“I like to see it lap the Miles” is a short poem written by Emily Dickinson. This essay is going to discuss the Explication and the analysis of this poem. Emily correlates two forms of transportation of her time with a figurative and sound device. The imagery usage by Dickinson helps the reader to create intense images as well as sounds that are similar towards what the speaker of the poem is experiencing (Abad 89). The speaker is watching a train but describes it like a horse. The comparison seems to be apparent since the behavior of the “horse” only stops to feed. Besides one moment that it stops to refuel, the entire poem only talks about how the “Horse” is running nonstop. It is described being a “promoter than a star” meaning it is quick and efficient. The implication is that the train can transport goods or people readily like the horse used to do before the invention of the train. The train is the new invention during the time of the narrator.
The poem contains figurative language like hyperbole and personification. For example, the train is stopping in order to feed itself at the tank; it is licking the valleys up, and also making prodigious steps.. Emily uses hyperbole in “prompter than a star” in order for the audience to visualize the image of the speed of the train that is traveling fast like the star. The sound devices in the poem are the alliteration, onomatopoeia, and consonance. The onomatopoeia in the poem aids the reader in understanding the imaging of the shouting of the Boanerges. The consonance keeps the flow of the song and also emphasizing the words by repeating letter “s.” All this makes the poem more creative (Priddy and Bloom 185).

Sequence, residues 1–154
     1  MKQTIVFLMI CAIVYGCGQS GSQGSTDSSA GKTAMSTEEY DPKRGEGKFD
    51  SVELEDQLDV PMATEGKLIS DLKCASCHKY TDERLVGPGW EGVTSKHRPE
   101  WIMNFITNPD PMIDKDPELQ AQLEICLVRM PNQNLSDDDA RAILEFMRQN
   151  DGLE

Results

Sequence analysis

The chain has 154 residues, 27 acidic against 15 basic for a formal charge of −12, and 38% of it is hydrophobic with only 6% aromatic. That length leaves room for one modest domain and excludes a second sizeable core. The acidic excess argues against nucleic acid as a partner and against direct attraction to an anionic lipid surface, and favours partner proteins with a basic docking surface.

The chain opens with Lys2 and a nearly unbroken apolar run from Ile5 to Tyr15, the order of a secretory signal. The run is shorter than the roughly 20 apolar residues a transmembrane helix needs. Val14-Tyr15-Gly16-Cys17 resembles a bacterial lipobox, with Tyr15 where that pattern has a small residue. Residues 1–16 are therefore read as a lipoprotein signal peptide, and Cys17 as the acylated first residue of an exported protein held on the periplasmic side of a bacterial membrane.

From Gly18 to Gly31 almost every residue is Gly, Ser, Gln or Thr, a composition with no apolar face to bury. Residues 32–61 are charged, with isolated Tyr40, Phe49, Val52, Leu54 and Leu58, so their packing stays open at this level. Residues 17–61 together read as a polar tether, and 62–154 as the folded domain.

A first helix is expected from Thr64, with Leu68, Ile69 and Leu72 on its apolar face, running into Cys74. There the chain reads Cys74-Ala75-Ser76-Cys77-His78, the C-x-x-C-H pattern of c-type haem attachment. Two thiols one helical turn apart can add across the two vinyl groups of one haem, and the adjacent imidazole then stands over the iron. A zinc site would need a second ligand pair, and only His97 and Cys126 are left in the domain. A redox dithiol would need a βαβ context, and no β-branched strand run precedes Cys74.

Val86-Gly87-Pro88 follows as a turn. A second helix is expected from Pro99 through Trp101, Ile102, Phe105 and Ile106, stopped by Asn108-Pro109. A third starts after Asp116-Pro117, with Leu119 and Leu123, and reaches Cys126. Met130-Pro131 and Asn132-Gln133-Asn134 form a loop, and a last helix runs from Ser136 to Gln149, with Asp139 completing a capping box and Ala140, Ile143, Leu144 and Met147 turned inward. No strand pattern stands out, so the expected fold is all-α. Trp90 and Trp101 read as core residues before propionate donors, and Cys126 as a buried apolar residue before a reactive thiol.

For the successful creation of the descriptive images, the poem uses figurative and sound devices. The continuous comparison between the train and the horse was auspiciously done with the persistent use of onomatopoeia and personification. Each literary device used in the poem was utilized very gainfully by effectively showing the readers that the train and the horse are being compared.
In analyzing about Dickinson’s “I like to see it lap the Miles,” first we ought to understand that the poem is in the form of a riddle. An essay about a poem like this would mostly start with an explication of what the poem “means”. Hence, it ought to be done following the line-by-line analysis. By so doing, the riddle in the poem is easily solved.
The starting line of the poem introduces a narrator “I” who is not known. The subject “it” is also introduced and is unidentified. Following the deeds of “it”, it is easy to ascertain its identity. In the first line, it “laps” the miles, which is a seemingly animalistic thing to do that is devouring or rather drinking the miles. The metaphor continues to manifest in the next line, as it will also “lick the Valleys up”. At this particular time, what seems to be proposed is the swift move of an animal. On surveying on line three through seven, the train is depicted making prodigious steps whereby it is stopping so that it can refuel itself to be enabled climb along the mountains which are piled. It is now clear that what is being revealed is something different from an animal. It is large; its movements not only do the “lapping” and “Lick” over very vast miles, but also can “step” around mountains. By now, we have an idea that Dickinson is presenting us with an imaginative view of a train, although one may wish to follow variant readings creative (Priddy and Bloom 185).